Bill Gates was born in Seattle, Washington where he still lives and his software giant company, Microsoft, is headquartered.
Growing up, his family attended a Congregationalist church, a now-extinct version of Protestantism.
Now, Gates doesn’t seem too interested in religion. He doesn’t believe anything without evidence. He was once asked about the human soul, and he replied:
I don’t have any evidence on that.
This is a standard agnostic view and would seem hard to disprove. Gates, like many agnostics, would rather look to science for answers. In the same interview, Gates said:
In terms of doing things I take a fairly scientific approach to why things happen and how they happen.
This doesn’t mean Gates is down on religion or thinks religion is stupid or pointless. He’s said:
There’s a lot of merit in the moral aspects of religion. I think it can have a very very positive impact.
But he does think it’s kind of a waste of time:
Just in terms of allocation of time resources, religion is not very efficient. There’s a lot more I could be doing on a Sunday morning.
Politically, Gates is a bit mysterious. He hasn’t gone on record very often in support of or against a political candidate or cause so I can’t say he puts his money where his mouth is. But he definitely spends a lot of money on causes he believes in.
If we must put Gates into the political spectrum, though, we must look to the money he’s given to political campaigns. However, there are discrepancies. One report has Gates’ political donations from 2002 to 2012 at almost $442,000–with most, but not all of that went to Republicans.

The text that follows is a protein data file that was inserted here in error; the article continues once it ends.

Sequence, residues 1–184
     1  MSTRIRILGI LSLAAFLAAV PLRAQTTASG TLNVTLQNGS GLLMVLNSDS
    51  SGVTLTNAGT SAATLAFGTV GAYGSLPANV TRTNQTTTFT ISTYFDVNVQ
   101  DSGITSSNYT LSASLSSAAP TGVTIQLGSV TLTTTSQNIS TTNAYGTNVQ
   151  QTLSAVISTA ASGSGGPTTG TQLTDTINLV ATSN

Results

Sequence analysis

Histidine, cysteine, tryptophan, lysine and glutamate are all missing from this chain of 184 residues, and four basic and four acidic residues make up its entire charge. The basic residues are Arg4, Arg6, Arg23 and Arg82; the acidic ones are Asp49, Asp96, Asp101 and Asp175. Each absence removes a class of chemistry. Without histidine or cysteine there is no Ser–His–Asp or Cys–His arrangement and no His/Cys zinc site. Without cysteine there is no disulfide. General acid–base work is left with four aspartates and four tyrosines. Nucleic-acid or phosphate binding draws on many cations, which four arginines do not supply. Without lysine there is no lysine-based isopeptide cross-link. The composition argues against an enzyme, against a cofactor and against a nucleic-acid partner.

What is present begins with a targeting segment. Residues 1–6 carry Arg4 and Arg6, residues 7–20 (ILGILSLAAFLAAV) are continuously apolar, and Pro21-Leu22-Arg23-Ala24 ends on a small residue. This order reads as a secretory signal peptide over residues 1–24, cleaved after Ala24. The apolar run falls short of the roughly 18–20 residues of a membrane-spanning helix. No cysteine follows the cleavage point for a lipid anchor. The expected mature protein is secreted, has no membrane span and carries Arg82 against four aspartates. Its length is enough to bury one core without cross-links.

Another has Gates’ political donations from 1999 to 2012 at almost $436,000, with roughly 8% more going to Democrats.
Newsmeat.com (my favorite) has Gates’ political contributions from 1986 to 2011 at a little more than $418,000, with slightly more going to Democrats. So, something fishy is going on there, but we’ll go with Democrat. It’s 2 out of 3.
Perhaps Gates doesn’t say much about U.S. politics because, as the big-picture thinker that he is, he sees beyond borders. He once said:
I do think this next century, hopefully, will be about a more global view. Where you don’t just think, ‘Yes, my country is doing well,’ but you think about the world at large.
On a grand social level, Gates thinks people should be more like computers. It’s actually quite disturbing. Anyway:
You see, antiquated ideas of kindness and generosity are simply bugs that must be programmed out of our world. And these cold, unfeeling machines show us the way.